Student borrowers get a rare victory as the Senate approves a fix

The Senate has approved a proposal that would allow borrowers struggling with student loan debt related to a spouse or ex-spouse to separate those loans. For many, it could also pave the way for their loans to be terminated under a federal loan forgiveness program.

If approved by the House and signed by President Biden, the legislation would close a loophole created in the 1990s that allowed married couples to consolidate their student loans at a lower interest rate. Congress shut down the program in 2006, but never got around to separating the loans.

Nearly two decades later, borrowers are still chained to each other, even through divorce. And in some cases, borrowers are responsible for a debt related to an abusive former spouse.

An added benefit for some borrowers is that they can now become eligible for the Federal Civil Service Loan Forgiveness Program. The program allows long-serving civil servants such as teachers and firefighters who qualify to have their loans forgiven.

The Joint Consolidation Loan Separation Bill approved by the Senate on Wednesday would allow borrowers affected by spousal consolidation to separate their loans based on the original percentage they contributed.

“Now, if you contributed 70% of the student debt, you will be liable for 70%,” says Sen. Mark Warner, a Virginia Democrat who is a co-sponsor of the legislation. “Thousands of people were stuck with obligations, sometimes from a domestic abuser, it can be tens of thousands of dollars.”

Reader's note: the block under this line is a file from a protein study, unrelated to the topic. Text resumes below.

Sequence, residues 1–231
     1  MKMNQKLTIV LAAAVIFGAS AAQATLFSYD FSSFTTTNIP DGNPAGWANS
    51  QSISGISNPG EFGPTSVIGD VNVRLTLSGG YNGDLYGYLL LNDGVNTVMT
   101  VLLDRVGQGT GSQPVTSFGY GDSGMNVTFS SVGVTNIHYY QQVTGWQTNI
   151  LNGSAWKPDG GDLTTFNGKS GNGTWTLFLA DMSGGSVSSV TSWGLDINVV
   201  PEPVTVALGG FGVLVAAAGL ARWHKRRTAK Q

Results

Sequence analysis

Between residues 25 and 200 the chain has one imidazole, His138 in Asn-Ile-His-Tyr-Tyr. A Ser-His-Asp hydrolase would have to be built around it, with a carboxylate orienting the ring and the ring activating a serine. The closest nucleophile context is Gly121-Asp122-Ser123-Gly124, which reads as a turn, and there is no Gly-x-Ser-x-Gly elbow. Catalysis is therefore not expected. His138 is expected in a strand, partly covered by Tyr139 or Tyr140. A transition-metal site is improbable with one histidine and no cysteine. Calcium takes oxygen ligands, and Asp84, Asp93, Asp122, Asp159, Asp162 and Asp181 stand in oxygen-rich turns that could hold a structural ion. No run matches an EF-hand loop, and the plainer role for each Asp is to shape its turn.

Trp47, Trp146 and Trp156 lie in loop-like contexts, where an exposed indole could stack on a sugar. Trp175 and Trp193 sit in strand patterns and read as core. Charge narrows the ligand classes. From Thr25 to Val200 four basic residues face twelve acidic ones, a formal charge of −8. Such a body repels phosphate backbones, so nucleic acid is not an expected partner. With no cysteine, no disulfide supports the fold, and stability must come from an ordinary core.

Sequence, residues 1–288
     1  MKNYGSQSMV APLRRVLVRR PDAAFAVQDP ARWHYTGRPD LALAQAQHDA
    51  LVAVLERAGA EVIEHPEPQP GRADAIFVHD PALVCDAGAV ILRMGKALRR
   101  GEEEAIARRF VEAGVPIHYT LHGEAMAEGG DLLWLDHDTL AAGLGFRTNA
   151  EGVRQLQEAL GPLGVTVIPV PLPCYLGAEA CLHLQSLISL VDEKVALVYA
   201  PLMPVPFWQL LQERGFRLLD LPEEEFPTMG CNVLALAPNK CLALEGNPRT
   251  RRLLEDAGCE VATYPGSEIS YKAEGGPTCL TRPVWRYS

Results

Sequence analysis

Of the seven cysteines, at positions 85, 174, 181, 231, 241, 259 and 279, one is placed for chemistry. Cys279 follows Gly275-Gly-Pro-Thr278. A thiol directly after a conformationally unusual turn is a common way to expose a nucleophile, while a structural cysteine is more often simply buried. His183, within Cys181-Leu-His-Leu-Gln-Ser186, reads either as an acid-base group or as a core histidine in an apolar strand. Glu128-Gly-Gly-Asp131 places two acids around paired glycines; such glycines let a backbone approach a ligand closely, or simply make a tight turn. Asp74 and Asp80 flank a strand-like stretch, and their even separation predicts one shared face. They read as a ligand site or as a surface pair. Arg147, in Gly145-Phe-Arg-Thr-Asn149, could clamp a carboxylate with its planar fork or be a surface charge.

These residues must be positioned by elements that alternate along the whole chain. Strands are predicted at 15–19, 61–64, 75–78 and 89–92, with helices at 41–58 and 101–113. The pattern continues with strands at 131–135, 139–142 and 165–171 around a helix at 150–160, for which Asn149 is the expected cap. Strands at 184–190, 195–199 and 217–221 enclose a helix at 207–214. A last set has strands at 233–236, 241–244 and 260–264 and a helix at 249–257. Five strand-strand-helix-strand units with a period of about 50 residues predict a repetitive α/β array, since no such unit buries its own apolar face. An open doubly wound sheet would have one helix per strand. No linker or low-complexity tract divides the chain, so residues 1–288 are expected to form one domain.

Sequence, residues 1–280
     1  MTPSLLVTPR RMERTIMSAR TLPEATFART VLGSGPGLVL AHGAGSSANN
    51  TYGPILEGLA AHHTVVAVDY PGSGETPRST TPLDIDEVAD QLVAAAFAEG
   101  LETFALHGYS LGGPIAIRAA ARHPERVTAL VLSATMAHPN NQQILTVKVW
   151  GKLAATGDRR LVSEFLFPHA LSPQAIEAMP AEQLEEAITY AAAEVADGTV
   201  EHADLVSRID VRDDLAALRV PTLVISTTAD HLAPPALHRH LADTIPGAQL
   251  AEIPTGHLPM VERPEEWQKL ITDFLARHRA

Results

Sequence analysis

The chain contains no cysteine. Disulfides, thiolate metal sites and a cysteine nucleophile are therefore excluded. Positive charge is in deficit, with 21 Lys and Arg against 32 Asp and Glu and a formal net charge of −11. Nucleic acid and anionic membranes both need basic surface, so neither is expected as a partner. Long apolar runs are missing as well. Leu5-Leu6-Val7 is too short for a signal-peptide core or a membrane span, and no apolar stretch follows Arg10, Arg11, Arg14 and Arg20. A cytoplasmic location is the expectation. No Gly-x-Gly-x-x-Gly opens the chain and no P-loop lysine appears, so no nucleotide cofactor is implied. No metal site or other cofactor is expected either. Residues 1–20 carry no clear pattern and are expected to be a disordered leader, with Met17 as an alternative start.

For borrowers like Angela Powell, who lives near Dallas, going through the Senate is one step closer to freeing her ex-husband from debt. She says he hasn’t made regular debt repayments since 2016 and the burden of double loans has thrown her into forbearance and troubled financial situations.

The prospect of getting off a loan and finally closing this chapter of his life has Powell beaming: “I feel like I can lose some of my weight now. Thank you, Jesus!”

“A bit of hope crept in,” says Cynthia Malone, a licensed clinical social worker in Columbia, Missouri. “There’s a bit more bounce in my step today.”

Malone, like some of those borrowers, hopes this bill will be the solution she needs to get her loans forgiven. In their current form, these consolidated loans are not eligible for public service loan forgiveness, but if the House and President Biden sign off soon, some borrowers can separate their debts and apply for forgiveness.

The current PSLF waiver expires in October, so time is running out.

Representative David E. Price, the North Carolina Democrat who sponsored the bill in the House, looks forward to the next step: “We are optimistic that a bill that has passed the Senate at the unanimity will be taken up by the Chamber.”

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